While on our honeymoon, we visited the geothermal pools at Rotorua. They are very intriguing but also rather bleak, desolate. We’d look at the steam rising and the mud gurgling and go back to watch ground zero at night. There was an eerie likeness.
    I also remember that friends of my parents’ were in New York at the time. They are in the medical field and I was really excited because I thought they would be able to help with all the vast casualties. Casualties that didn’t happen.
    We ended up going on a second honeymoon to Western Australia for our first anniversary. Enjoyed the wildflowers.
    As time has gone by, I’ve consciously separated 9/11 from our wedding anniversary. It’s not that I don’t care but our wedding was a beautiful, happy day and the beginning of the rest of my life with my husband. We need to celebrate that too. We need to celebrate the good in the world and not let evil take that away. That said, I like everyone still gets very emotional and deeply saddened about what happened especially for all the people who lost loved ones who never came home. I thought of the Dad who survived because it was his child’s first day at school when my kids started school. This event has become a world event.
    Gee…I’ve written a post within a post here but I think it’s interesting for Americans to hear an Australian perspective on the topic.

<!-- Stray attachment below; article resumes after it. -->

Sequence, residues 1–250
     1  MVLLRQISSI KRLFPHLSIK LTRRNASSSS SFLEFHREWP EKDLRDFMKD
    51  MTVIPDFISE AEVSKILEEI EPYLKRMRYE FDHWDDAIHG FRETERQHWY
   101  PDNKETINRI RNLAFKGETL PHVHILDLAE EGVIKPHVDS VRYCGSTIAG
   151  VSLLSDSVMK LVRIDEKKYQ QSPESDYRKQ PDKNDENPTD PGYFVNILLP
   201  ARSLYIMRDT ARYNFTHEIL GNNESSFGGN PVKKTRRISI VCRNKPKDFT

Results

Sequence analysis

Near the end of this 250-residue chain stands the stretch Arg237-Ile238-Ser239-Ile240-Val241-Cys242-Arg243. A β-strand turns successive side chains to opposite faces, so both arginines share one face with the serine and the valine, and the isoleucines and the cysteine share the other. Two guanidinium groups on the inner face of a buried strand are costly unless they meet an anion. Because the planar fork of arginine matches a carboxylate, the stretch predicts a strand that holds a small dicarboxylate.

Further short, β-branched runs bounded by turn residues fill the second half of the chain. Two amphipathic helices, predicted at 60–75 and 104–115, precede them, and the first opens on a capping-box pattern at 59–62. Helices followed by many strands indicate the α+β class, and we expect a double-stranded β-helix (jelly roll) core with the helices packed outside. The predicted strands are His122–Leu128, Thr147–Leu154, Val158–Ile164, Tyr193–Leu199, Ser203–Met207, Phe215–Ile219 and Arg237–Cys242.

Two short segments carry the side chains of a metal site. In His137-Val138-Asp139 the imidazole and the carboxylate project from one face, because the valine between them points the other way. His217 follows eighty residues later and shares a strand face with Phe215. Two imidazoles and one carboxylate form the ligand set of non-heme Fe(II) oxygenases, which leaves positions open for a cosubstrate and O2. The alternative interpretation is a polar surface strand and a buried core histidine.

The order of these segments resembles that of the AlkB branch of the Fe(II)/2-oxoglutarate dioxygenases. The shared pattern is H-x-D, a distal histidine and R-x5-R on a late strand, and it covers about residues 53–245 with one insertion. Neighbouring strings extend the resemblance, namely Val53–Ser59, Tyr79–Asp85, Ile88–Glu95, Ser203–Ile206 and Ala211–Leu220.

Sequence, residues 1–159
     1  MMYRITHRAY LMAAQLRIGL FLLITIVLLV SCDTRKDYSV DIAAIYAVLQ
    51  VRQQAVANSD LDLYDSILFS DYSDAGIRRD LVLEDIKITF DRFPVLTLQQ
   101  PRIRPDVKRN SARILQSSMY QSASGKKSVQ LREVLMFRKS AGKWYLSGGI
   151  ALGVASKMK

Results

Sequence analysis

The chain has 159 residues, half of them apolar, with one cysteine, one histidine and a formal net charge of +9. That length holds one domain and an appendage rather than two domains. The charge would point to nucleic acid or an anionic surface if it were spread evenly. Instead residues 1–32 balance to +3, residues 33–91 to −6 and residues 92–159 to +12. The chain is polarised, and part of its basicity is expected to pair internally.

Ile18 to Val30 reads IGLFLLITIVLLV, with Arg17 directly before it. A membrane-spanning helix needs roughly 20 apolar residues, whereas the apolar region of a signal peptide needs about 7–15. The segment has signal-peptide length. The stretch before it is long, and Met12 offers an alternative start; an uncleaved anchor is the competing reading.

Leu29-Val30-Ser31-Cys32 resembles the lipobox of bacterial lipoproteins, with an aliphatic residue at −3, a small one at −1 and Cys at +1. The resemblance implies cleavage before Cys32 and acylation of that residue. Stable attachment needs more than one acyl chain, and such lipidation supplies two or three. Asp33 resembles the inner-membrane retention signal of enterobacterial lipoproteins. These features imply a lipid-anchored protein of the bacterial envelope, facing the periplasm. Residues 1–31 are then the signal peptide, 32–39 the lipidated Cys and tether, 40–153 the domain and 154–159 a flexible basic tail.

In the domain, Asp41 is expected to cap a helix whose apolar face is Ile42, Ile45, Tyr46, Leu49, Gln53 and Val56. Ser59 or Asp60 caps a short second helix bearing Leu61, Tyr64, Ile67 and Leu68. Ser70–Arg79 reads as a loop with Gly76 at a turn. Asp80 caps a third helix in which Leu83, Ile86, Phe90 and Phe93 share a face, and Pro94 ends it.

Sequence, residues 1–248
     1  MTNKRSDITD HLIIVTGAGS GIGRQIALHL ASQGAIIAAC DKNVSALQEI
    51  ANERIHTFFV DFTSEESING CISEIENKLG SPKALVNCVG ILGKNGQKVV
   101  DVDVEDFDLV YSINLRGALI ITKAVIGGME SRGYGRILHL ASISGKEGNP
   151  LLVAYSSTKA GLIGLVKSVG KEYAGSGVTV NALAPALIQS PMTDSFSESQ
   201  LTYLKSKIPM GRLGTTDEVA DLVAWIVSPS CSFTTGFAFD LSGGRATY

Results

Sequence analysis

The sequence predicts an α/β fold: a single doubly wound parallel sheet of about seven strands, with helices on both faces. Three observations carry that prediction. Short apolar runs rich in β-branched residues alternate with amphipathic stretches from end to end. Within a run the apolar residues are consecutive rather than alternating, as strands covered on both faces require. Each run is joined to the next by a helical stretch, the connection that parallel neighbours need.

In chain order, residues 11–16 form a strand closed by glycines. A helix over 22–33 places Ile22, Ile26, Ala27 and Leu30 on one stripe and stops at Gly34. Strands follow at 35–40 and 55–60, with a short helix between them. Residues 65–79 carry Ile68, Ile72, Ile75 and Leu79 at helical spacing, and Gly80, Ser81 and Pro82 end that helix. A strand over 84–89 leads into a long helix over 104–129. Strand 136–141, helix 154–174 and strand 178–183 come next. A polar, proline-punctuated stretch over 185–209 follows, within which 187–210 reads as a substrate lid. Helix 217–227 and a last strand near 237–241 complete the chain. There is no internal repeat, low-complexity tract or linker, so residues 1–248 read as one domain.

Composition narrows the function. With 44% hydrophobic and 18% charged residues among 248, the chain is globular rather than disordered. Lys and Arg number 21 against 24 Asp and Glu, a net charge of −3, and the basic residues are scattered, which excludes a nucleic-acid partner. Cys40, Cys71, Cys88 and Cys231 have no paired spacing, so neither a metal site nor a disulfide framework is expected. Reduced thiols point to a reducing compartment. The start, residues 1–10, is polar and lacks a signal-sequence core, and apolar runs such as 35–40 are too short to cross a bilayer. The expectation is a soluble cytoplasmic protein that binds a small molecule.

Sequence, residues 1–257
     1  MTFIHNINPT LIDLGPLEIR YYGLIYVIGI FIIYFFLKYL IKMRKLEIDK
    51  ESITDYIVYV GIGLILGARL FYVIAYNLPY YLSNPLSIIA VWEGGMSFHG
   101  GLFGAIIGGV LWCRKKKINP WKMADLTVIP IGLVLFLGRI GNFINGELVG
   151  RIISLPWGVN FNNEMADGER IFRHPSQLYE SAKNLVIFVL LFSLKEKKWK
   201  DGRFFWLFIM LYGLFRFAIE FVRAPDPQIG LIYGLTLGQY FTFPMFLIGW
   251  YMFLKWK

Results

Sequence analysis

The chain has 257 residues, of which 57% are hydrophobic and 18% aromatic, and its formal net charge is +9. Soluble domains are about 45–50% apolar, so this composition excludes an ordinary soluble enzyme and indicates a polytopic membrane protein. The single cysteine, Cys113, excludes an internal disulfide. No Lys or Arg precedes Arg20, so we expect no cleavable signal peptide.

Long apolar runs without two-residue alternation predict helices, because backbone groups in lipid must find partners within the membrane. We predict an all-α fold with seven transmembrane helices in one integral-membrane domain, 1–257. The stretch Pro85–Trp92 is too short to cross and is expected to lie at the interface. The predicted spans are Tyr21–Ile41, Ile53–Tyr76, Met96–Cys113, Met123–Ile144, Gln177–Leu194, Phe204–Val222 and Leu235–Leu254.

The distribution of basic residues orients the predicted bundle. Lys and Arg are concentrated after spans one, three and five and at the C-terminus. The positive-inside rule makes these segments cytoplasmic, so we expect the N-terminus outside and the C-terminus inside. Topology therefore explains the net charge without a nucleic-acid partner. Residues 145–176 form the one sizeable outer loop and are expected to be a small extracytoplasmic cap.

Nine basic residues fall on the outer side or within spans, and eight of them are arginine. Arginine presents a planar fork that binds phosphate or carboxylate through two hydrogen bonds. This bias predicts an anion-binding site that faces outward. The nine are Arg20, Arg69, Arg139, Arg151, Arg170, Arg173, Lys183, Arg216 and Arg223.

Best wishes & God bless,
    Rowena
    PS Have you read about the Survivor’s Tree? I really liked that.

    1. Thanks for sharing that story! It is always good to hear other perspectives, and I haven’t gotten to hear too many stories from those in other countries. 9/11 happened two months after our wedding, and Hurricane Katrina, which devastated New Orleans (where we’d lived for ten years), happened three months after we moved from there and also a few months after our son was born. Big events! We never know what will happen in life, and I’m so glad to know my unshakeable, eternal God the way I do!

  3. Awesome reflections of a very memorable tragedy. Yours brought memories of what each of us was doing when this event happened. In Hawaii, it was about 3 am, & a neighbor told us early morning about it, as news swept the airwaves- “Turn on your TV!” An eerie feeling transfixed all of us for we did not know what was happening, why it was happening, & who caused it to happen. Were things going to get worse, will there be other attacks in other major cities, & was this the ‘end of the world’?

    The repentance, the humility, care & appreciation for one another pervaded our land for weeks. People flocked to churches, prayed, & called upon God, but alas, this did not last too long. This was what God wants to do- love Him & love others! Thank you for sharing!

    1. Yes, I remember that period of increased humility and prayer–but as you said, it did not last long. It is sad on a global or personal level when it takes a tragedy to bring people closer to God. Complacency is a frightening thing!